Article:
The little Rio, with its green eco badge, signifying Kia’s EcoDynamics fuel-saving technologies, standard on all Rio diesels, is impressively economical. Kia says this 1.1-litre three-cylinder turbodiesel engine has lower fuel consumption and C02 emissions than any other non-electric car on sale in the world, including hybrids and eco specials from rival manufacturers.
I decided to see just what it would return in real world conditions, so with a regular commute for the week, at a steady 60-ish miles per hour wherever possible, it became a bit of a challenge to see just how near those high official figures I could get.
In most cases, those officially quoted figures are usually completely unattainable for the average driver using the car anything-like normally, but after my first drive, the trip computer was reporting high 40s – which got me thinking.
So with a light right foot, and using the ISG (Intelligent Stop & Go) system in busy traffic, the gauntlet was thrown down. Without being paranoid about it, I drove the car gently, planned my braking and accelerated as gently as I could without getting in the way of other traffic.
The Stop & Start system, which turns the engine off automatically when the car comes to a halt in traffic jams, restarting it the instant the clutch pedal is touched, worked well, although it wasn’t the smoothest restart I’ve come across.
The result – an impressive 59.7mpg over a distance of more than 400 miles and an average speed of 30mph. Try as I might, I couldn’t quite get it to stay above 60mpg, although for a while it did sneak through that barrier, but was still a long way short of the official figures.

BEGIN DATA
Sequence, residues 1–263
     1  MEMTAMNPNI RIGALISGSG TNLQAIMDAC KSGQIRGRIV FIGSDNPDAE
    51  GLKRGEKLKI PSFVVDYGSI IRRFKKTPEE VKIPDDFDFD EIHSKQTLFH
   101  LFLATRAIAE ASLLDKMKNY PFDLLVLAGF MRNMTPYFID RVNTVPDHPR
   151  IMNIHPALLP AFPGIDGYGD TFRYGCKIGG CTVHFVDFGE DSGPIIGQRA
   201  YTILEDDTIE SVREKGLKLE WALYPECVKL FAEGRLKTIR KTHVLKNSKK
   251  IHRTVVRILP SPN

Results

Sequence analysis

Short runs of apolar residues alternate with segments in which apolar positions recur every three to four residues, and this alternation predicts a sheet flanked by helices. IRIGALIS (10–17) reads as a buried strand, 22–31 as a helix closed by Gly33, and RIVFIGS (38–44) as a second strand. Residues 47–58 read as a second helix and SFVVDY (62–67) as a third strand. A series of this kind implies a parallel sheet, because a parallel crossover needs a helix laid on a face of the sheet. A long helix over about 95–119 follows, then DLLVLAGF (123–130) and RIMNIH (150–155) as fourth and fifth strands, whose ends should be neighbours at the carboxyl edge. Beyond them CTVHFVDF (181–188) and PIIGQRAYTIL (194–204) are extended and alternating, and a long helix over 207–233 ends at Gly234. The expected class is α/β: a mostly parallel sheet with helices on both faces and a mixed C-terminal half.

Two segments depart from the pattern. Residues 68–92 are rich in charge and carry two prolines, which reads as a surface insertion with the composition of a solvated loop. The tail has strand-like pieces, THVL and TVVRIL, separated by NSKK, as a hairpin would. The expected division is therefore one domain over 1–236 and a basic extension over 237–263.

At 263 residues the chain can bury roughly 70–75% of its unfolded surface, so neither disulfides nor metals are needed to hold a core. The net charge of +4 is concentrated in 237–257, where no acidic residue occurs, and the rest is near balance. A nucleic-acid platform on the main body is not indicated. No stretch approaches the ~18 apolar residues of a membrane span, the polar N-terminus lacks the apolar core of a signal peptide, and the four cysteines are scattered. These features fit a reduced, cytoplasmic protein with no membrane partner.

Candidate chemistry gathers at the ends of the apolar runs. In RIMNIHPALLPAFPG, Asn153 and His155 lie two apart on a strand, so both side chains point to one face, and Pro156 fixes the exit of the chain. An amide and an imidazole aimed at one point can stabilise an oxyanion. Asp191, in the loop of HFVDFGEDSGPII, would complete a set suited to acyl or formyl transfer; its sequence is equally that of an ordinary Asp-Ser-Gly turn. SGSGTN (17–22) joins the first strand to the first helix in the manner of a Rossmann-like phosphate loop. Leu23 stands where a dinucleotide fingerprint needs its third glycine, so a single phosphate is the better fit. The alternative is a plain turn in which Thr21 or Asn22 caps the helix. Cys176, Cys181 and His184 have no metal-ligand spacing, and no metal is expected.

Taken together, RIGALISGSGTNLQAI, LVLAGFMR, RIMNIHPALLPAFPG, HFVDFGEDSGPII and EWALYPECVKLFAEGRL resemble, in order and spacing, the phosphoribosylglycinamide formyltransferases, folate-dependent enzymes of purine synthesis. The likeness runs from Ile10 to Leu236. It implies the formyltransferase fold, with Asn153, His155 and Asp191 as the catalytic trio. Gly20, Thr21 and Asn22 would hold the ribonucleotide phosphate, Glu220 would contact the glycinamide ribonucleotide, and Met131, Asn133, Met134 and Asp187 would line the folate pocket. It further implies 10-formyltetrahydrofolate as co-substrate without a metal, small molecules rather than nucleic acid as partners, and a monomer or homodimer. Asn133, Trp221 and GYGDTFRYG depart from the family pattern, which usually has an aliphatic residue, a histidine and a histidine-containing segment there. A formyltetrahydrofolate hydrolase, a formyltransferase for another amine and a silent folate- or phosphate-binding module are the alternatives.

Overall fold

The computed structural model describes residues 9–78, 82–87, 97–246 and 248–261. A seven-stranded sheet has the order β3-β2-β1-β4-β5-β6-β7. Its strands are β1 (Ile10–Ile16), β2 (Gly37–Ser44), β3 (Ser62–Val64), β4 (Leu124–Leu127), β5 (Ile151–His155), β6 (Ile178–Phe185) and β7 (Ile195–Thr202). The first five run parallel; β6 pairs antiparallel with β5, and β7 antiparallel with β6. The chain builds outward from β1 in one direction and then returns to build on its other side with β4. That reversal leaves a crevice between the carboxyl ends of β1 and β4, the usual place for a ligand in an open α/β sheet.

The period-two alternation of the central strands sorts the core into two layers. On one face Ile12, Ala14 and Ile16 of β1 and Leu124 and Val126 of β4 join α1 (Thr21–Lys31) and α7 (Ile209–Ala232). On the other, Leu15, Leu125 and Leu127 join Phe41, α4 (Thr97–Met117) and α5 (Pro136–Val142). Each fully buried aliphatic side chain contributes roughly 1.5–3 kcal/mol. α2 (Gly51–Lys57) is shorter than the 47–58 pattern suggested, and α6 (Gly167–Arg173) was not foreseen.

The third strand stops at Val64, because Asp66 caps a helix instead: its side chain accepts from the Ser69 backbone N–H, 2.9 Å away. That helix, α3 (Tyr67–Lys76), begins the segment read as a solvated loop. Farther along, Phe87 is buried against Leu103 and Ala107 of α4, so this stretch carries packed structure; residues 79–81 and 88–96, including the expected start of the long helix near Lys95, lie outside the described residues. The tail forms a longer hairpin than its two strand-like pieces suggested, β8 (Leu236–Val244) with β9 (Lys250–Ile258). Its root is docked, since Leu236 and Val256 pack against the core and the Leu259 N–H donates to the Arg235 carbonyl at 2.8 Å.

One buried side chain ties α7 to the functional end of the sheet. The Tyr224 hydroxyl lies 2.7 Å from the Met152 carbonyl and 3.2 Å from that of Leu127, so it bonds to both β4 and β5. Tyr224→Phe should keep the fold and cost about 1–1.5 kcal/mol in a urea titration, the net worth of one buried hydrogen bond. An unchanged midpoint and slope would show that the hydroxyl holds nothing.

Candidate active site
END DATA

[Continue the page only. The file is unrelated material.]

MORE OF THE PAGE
With only 74bhp and 170Nm torque, it lacks the flexibility of larger engines, meaning you need more gear changes as the traffic slows and then speeds up again, but that’s the pay-off for such low fuel consumption.
With emissions of 99g/km, your road tax is free, so it’s a pleasantly cheap car to run. Clearly, if you’re spending the entire time running around town, you won’t get anything like the figure I achieved, but it shows what can be done in this car without trying too hard.
The ride quality was perfectly acceptable on smooth surfaces, but the Rio did tend to skip a bit if it was unsettled by a broken road surface mid-corner and it could be a bit on the harsh side in some situations.
But overall, I like the little Rio. I love the colour, and although the engine isn’t the quietest in its class, it does offer great value for money – and it comes complete with the company’s cracking seven-year, 100,000-mile warranty.
THE VITAL STATISTICS
MODEL: Kia Rio 1.1 CRDi 2 Eco 3-door.
KIA RIO RANGE: From 1 1.25 3dr (£9,995) to 3 1.4 CRDi 5dr (£14,895).
ENGINE: 1,120cc, 74bhp three-cylinder diesel engine, driving front wheels through 6-speed manual gearbox.
PERFORMANCE: Top speed 99mph. 0-62mph in 15.5 secs.
ECONOMY: City: 67.3mpg.
Fuel tank: 43 litres.
CO2 EMISSIONS: 99g/km.
INSURANCE: Group 3.
WARRANTY: 7 years/100,000 miles.
• All data correct at time of publication.